No single test can diagnose lupus, but a collection of tests can rule out other disorders. This process can take months or years and may require self-advocacy.
Lupus is a chronic autoimmune condition that causes symptoms such as joint pain, fatigue, and skin lesions. The condition can be difficult to diagnose because these symptoms are shared with many other conditions. Often, getting a diagnosis can take years and can be frustrating for people experiencing lupus symptoms.
There’s no single test that can confirm a diagnosis of lupus. Instead, a doctor will want to start by discussing your symptoms. You’ll go over your medical history and over any conditions, especially autoimmune conditions, that run in your family.
You’ll also have a complete physical exam so a doctor can examine your skin for skin lesions and rashes caused by lupus. If the doctor thinks lupus is likely, they’ll order tests.
This might include:
- Urine tests: Urine tests can be performed to look for protein, blood, and other cells in the urine. If present, this may indicate inflammation of the kidneys from lupus.
- Blood tests: Blood tests can look for levels of blood cells, proteins, and antibodies in your blood. Many people with lupus have an antibody called the antinuclear antibody (ANA) in their blood. A positive ANA test doesn’t always mean a person has lupus, but it helps doctors get closer to confirming a diagnosis.
- Skin biopsy: A skin biopsy is a procedure that will remove a small sample of tissue from a lesion on your skin. This sample will be studied in a lab for signs of lupus. This may not be needed if you have the typical “butterfly rash” that’s often seen in those with lupus.
- Kidney biopsy: Sometimes, a kidney biopsy is performed so that kidney tissue can be seen up close and inspected for signs of autoimmune disease.
There are four types of lupus:
- Systemic lupus erythematous (SLE): SLE causes chronic inflammation throughout and is the most common type of lupus.
Over 70%of all lupus cases are SLE. Typically, when people use the term “lupus,” they’re referring to SLE.
- Drug-induced lupus erythematosus: Drug-induced lupus erythematosus is a temporary form of lupus caused by certain medications. Most of the drugs that can cause drug-induced lupus erythematosus are prescribed less commonly today than in the past.
- Neonatal lupus erythematosus: Neonatal lupus erythematosus is a condition passed on in the womb. However, children with neonatal lupus erythematosus are at increased risk of heart block and other serious heart conditions.
- Skin lupus: There are three types of skin lupus, listed below. Most people with acute cutaneous lupus erythematosus (ACLE) have SLE. A butterfly rash is a symptom of facial ACLE that appears as redness in the region of the cheeks and nose but spares the nasolabial fold.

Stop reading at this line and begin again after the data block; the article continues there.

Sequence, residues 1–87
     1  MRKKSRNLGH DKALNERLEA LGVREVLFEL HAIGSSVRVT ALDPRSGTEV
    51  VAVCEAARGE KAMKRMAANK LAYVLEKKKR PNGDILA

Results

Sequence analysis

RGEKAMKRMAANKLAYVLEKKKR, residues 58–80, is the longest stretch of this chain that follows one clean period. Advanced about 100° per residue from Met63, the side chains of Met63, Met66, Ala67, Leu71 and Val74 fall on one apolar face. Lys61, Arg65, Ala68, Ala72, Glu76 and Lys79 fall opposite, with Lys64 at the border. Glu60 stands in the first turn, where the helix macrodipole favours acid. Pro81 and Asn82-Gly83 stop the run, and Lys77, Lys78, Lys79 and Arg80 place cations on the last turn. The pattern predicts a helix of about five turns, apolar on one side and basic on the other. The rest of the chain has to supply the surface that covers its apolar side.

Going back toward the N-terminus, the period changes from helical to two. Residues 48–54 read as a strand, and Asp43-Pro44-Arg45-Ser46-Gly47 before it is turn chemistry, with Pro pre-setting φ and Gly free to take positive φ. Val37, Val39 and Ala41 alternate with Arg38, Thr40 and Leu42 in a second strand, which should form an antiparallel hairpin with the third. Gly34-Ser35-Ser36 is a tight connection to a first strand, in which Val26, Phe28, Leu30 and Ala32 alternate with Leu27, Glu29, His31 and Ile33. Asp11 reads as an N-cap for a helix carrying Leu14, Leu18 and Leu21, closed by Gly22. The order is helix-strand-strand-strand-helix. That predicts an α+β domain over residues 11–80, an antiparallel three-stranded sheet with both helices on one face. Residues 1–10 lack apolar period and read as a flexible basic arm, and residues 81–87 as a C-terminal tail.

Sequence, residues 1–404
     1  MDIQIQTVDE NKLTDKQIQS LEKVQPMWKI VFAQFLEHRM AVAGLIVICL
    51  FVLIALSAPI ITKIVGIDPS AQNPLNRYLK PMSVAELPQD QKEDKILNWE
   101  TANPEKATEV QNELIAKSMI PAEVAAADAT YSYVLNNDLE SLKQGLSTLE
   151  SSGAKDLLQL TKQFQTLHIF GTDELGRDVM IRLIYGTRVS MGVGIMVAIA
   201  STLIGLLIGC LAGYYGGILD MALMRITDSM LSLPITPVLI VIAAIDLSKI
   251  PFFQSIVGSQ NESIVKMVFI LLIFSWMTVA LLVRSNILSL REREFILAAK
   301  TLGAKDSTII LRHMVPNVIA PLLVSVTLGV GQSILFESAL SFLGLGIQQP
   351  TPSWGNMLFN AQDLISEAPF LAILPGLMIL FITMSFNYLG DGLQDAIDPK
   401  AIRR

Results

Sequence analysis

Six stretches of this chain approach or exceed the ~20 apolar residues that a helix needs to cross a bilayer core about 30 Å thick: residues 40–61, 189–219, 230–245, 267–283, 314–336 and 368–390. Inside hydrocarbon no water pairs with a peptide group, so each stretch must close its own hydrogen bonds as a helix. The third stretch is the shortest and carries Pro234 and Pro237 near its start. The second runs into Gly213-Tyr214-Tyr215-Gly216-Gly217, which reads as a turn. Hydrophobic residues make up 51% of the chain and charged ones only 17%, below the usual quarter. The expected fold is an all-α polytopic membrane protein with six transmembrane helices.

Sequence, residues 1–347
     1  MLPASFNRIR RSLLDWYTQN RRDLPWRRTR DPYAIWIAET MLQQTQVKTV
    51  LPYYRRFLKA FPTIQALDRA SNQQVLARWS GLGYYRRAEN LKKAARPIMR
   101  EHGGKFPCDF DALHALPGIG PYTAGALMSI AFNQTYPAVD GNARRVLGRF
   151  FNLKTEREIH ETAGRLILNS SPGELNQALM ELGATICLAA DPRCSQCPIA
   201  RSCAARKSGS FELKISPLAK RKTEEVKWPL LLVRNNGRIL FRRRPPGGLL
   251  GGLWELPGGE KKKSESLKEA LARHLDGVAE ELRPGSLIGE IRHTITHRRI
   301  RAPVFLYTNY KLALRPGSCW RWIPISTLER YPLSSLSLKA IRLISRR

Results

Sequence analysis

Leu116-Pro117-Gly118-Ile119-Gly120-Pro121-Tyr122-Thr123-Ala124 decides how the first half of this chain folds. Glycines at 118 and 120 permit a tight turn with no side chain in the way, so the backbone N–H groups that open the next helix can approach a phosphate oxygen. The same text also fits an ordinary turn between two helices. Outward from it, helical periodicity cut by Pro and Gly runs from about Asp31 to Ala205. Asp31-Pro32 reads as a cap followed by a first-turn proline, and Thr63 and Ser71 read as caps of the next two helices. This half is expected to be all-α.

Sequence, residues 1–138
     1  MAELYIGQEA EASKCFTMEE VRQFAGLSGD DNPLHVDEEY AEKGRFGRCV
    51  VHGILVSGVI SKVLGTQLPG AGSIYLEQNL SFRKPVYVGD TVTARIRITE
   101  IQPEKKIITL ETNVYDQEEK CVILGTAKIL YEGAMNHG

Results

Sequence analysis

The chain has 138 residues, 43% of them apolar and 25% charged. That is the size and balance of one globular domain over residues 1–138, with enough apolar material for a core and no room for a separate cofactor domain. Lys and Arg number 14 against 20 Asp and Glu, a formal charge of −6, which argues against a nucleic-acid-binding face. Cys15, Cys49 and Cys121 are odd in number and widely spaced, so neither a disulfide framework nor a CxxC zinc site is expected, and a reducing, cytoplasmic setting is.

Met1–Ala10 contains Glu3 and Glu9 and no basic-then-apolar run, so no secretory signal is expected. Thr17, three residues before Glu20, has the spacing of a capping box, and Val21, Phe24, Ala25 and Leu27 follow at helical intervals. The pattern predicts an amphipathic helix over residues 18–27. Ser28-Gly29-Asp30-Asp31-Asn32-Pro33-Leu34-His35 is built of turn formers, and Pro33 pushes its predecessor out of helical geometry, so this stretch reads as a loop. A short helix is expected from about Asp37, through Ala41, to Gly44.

- chronic cutaneous lupus erythematosus (CCLE)
- acute cutaneous lupus erythematosus (ACLE)
- subacute cutaneous lupus erythematosus (SCLE)
Diagnosing can vary depending on the type of lupus a person has. A wide variety of criteria are considered during a lupus diagnosis. The
These criteria look at the health of your organs, muscles, blood, and more. Each category receives a score, and the total score determines the probability of having lupus. These criteria are guidelines and not absolute for diagnosis.
ANA antibodies, autoimmune damage to the skin and kidneys, and a history of lupus symptoms are generally enough to confirm a diagnosis. CCLE is typically diagnosed after a skin biopsy.
Tests such as biopsies won’t help determine whether a skin lesion is caused by SLE or drug-induced lupus erythematosus.
However, if you’re taking a medication with a known link to drug-induced lupus erythematosus, part of the diagnostic process might be stopping that medication. If your symptoms stop, it can confirm that diagnosis and resolve your drug-induced lupus erythematosus.
Neonatal lupus erythematosus is rare, but today, at-risk pregnancies, such as pregnancies of women who have SLE, can be monitored closely. Neonatal lupus erythematosus can often be diagnosed before birth.
An unborn baby can be monitored in the womb, and further testing can be done if a weak heartbeat is detected. Treatment can be given before birth or immediately after birth to reduce the risk of heart-related complications.
An unborn baby’s heart can be monitored in the womb with echocardiograms, and the birth-parent’s blood can be tested for anti-Ro/SSA and anti-La/SSB antibodies to confirm the diagnosis if a weak heartbeat has been detected.
It’s most common for lupus to begin and be diagnosed when someone is between 15 and 44 years old. However, some people with SLE are diagnosed with what’s known as late-onset lupus. Late-onset lupus symptoms typically begin at around age 59. Symptoms can be vague and easy to mistake for simple symptoms of aging.